I’ve been working on a Digital Fabrication Technique for building precise 3D-faceted forms. I ended up making an armature, which is close to a good solution, but still has too much play in the joints.
One of the other resident artists at Autodesk, suggested a solution where I make wooden squares to solidify the joints in the armature. I cut out a variety of squares, each with a slightly different width+height, to account for the kerf of the laser-cutter. I also laser-etched them with their measurements.You can see here where I cut out a groove in the bottom of the armature, 1/8″ deep. The square fits nicely in there. I found that 25/1000″ seems to be the right amount of compensation.
I also added squares for the top joints.
Using the brad nailer, I adhered the bottom squares to the armature.
Then the top squares and then the bottom panel of the structure.I built up the structure quickly. The precision of the armature made it easy to align the wood-paneled faces.
This is what it looks like before I put the last panel on.
And done! No glue or anything. Easy assembly.
It looks just like the model!
After the “Digital Fabrication Fail” based on my self-defined Fabrication Challenge, I’ve gotten closer to a more precise solution. After an evening of frustration, while riding my bike home, I realized that an armature for the 3D sculptures would be the solution.
This is a bit tedious design-wise since I’d have to custom-design the armature for every 3D form. However, it would work — I remembered the Gift Horse Project and the armature that we built for this.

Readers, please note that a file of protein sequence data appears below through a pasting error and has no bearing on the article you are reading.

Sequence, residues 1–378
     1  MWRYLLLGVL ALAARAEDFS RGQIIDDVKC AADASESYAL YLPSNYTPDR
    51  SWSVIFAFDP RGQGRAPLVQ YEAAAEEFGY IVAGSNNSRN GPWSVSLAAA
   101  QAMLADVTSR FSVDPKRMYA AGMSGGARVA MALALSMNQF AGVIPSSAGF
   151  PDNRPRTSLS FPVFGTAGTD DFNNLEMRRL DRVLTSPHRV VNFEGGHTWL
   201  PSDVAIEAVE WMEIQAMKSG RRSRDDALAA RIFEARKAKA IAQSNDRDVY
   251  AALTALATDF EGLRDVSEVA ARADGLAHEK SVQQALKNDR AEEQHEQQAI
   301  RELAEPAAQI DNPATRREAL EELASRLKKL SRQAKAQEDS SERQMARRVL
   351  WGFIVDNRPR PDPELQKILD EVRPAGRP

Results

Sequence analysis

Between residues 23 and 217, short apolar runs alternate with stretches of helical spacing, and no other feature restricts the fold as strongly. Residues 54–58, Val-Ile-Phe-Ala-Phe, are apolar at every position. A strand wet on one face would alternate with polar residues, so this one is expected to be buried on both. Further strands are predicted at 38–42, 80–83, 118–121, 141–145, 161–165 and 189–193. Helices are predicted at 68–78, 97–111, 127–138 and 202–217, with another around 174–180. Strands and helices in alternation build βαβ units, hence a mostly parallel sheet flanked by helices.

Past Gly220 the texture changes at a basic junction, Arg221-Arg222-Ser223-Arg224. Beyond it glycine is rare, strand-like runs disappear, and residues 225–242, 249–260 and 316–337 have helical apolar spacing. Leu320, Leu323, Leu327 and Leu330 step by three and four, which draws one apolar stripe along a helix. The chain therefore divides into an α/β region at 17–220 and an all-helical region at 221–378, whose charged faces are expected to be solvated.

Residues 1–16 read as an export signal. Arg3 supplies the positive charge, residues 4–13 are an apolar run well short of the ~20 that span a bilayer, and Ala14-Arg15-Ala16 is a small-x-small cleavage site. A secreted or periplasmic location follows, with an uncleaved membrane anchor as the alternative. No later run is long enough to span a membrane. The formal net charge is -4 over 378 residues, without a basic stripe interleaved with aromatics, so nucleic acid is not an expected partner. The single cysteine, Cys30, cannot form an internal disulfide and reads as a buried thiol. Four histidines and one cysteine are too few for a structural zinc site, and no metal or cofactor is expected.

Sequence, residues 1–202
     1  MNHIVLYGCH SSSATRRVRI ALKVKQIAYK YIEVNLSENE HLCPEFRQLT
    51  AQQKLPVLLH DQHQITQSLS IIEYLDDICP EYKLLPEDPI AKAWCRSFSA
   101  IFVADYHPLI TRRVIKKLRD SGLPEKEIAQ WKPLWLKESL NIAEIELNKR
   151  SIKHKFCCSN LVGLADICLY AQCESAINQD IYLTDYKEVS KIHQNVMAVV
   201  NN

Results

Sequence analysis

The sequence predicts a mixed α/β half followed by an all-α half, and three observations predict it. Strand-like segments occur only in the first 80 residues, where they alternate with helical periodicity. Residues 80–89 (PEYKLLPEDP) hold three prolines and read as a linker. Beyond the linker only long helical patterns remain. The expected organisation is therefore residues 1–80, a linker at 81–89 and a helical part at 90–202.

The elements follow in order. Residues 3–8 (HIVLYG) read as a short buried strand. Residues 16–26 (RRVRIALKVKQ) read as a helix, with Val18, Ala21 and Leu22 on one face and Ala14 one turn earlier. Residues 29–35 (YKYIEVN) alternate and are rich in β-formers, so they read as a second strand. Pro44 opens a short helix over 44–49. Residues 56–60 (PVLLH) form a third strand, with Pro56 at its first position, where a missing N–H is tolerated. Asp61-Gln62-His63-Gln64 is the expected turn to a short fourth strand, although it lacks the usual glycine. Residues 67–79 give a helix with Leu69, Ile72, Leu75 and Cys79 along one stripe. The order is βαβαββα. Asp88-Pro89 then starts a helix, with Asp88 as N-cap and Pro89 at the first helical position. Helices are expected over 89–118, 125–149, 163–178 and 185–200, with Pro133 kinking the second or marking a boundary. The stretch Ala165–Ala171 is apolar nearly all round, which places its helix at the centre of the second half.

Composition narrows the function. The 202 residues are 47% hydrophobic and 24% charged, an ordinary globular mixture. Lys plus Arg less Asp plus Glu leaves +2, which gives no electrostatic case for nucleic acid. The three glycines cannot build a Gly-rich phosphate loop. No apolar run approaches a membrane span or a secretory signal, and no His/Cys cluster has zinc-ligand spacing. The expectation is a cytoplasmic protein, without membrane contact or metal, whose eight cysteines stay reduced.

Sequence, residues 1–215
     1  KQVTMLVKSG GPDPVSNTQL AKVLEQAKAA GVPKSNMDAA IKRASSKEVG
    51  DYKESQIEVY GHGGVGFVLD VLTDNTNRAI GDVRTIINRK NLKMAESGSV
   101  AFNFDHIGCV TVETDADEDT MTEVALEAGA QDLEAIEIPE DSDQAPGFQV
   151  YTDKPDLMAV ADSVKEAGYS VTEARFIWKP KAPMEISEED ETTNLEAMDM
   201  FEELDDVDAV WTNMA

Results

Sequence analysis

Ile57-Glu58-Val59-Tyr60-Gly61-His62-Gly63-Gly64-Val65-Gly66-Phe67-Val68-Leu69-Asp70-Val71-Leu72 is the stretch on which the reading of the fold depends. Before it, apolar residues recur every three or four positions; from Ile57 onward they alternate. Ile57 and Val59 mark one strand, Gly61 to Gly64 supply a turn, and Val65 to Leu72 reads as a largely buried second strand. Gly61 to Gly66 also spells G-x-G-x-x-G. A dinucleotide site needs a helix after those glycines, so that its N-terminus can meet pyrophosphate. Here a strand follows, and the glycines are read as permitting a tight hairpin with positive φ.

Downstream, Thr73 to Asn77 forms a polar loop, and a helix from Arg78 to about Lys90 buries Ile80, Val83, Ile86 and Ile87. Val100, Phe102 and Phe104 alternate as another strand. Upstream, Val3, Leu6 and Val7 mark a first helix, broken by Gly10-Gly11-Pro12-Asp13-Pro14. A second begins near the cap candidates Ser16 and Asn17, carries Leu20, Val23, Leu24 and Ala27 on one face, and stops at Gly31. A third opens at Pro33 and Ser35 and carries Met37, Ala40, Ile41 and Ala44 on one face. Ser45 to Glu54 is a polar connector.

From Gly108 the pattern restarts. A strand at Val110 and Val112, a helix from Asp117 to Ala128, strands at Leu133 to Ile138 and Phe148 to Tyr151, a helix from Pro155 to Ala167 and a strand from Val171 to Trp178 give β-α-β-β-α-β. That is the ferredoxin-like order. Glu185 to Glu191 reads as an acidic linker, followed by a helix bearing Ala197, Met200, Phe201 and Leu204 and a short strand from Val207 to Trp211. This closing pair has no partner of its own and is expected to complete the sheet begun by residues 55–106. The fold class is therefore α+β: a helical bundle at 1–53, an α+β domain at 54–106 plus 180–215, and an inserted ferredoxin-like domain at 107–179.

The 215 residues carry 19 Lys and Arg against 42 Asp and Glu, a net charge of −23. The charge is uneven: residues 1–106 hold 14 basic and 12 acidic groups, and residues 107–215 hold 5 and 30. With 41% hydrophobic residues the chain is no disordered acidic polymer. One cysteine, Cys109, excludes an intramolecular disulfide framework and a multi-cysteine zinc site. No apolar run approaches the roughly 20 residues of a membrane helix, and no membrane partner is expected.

I designed a quick-and-dirty armature in Sketchup (I know, I know…) and exported the faces to Illustrator with an SVG exporter.I then laser-cut the armature pieces and put them together.
I made a few mistakes at first, but after a few tries got these three pieces to easily fit together.
However, even with accounting for the kerf, there is still a lot of play in the structure. You can’t see it in the images, but I can easily wiggle the pieces back and forth.
If I model the tolerances too tightly, then I can’t slide the inner portions of the armature together.
It is certainly an improvement, but I’m looking for something that has more precision and is still easy to assemble.
I’m working on some simple tests or my Faceted Forms Fabrication Challenge . I started with this model, which has 10 faces and is relatively simple.
Then, I laser-cut these pieces from a 1/8″ sheet of wood.
And, I also cut out these joints.
Then, using the brad nail gun and glue, I began with the base and built up the structure using the joints for support.The first level, with the rectangular base went well.However, when I started assembling the trapezoid sections, I quickly ran into problems. The nail gun pushed the joint blocks away from the wood, and it was difficult to align the joint pieces correctly. I had to redo sections over again. Although this photo doesn’t entirely capture the first-try-failure, you can see the nail holes everywhere and also the gap between the joints. I threw in the towel pretty quickly and went home to sleep on the project, and hopefully, will come up with a better solution.
Every cutting tool has a kerf — the amount of material that the tool itself removes in the cutting process. With a table saw, it tends to be large, like 1/8″. The laser-cutter has a small — but significant kerf.
I cut a 1/4″ notch and then used the calipers to determine that I have a 2/100″ kerf when cutting 3/8″ material at 8/100/500 (speed/power/frequency).
I then cut a 1/4″ groove and several notched cutouts, increasing the amount of material by incremental values. At 4/100″, (double the .02 measurement), the fit is perfect. 3/100″ is a little loose and 5/100″ won’t fit.
I’m glad I was a high-school mathlete.
I just got trained on how to use the water jet tool at Autodesk and made this piece of bling as my sample project. The design came from my Grantbot project.
Anyone have some gold spray paint?